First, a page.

In its fusion of the everyday and the magical in a NYC setting, Lavelle’s novel reminds me of John Crowley’s Little, Big (1982), but with more horror and more consciousness about race and gender, and readers who like well-written urban fantasy with humor and horror and social relevance should like The Changeling.

  • In the Garden of Beasts

  • Love, Terror, and an American Family in Hitler's Berlin
  • By: Erik Larson
  • Narrated by: Stephen Hoye
  • Length: 12 hrs and 52 mins
  • Unabridged
  • Overall
    4 out of 5 stars 5,707
  • Performance
    4 out of 5 stars 4,735
  • Story
    4 out of 5 stars 4,735

The time is 1933, the place, Berlin, when William E. Dodd becomes America’s first ambassador to Hitler’s Germany in a year that proved to be a turning point in history. A mild-mannered professor from Chicago, Dodd brings along his wife, son, and flamboyant daughter, Martha. At first Martha is entranced by the parties and pomp, and the handsome young men of the Third Reich with their infectious enthusiasm for restoring Germany to a position of world prominence. Enamored of the “New Germany,” she has one affair after another....

  • 5 out of 5 stars
  • Frightening, Powerful, Deeply Thought-provoking.

  • By Chris on 06-04-11

Innocents Abroad in Hitler’s Berlin

Overall
4 out of 5 stars
Performance
4 out of 5 stars
Story
4 out of 5 stars

Reviewed: 10-30-18

Erik Larson’s In the Garden of Beasts: Love, Terror, and an American Family in Hitler’s Berlin (2011) recounts the experiences of William E. Dodd, America’s new ambassador to Germany, and his 24-year-old daughter Martha living in Berlin near the Tiergarten (the huge park whose name means the Garden of Beasts), especially during their first year beginning in June 1933. In his prologue, Larson explains that he tried writing a “more intimate” book than “another grand history of that age” like, I suppose, William Shirer’s The Rise and Fall of the Third Reich (1960). Larson wanted “to reveal that past world through the experience and perceptions of my two primary subjects, father and daughter, who upon arrival in Berlin embarked on a journey of discovery, transformation, and, ultimately, deepest heartbreak.”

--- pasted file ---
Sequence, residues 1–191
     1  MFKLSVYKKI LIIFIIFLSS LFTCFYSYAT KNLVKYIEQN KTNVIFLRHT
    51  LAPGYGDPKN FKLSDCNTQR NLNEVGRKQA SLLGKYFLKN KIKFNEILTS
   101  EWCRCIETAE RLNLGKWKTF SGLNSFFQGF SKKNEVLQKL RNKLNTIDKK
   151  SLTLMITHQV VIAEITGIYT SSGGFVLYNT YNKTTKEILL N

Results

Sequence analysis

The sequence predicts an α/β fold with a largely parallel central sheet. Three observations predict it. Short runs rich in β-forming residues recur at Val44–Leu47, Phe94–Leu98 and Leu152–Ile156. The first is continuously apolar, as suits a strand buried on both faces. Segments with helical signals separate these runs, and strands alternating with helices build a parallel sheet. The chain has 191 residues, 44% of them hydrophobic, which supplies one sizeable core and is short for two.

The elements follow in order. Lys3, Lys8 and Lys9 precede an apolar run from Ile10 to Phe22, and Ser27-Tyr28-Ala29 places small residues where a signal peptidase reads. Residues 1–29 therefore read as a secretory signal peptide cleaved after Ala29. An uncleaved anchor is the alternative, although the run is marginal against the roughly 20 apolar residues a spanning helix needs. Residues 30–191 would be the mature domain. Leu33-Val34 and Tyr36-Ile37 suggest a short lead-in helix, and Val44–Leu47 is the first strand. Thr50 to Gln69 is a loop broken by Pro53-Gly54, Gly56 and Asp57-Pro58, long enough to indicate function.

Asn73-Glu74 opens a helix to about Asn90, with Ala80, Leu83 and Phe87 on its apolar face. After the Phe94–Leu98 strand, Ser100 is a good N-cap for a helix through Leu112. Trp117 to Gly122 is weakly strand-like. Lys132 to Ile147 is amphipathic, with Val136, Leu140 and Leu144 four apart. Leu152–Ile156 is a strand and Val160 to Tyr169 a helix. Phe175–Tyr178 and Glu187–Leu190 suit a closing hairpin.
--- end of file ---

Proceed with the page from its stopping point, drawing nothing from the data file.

Larson, then, depicts how the scholar, Jeffersonian democratic farmer, and “accidental diplomat” Dodd and his free-spirited and free-loving daughter were “two innocents. . . complicated people moving through a complicated time, before the monsters declared their true nature.” It’s fascinating to read Dodd’s initial attempts to remain objective and neutral, hoping to influence the German regime in a more civilized direction by steadfastly representing American values to them, as well as Martha’s initial infatuation with the Nazi revolution and the seemingly handsome, healthy, and happy Germans she saw everywhere. The major movement of Larson’s book then demonstrates how their first year in Berlin dramatically changed the optimistic views of father and daughter as the beasts in the garden (the Tiergarten park near their rented home serving as a metaphor for Berlin and Germany) began revealing their irrational, ruthless, arrogant, and malevolent natures.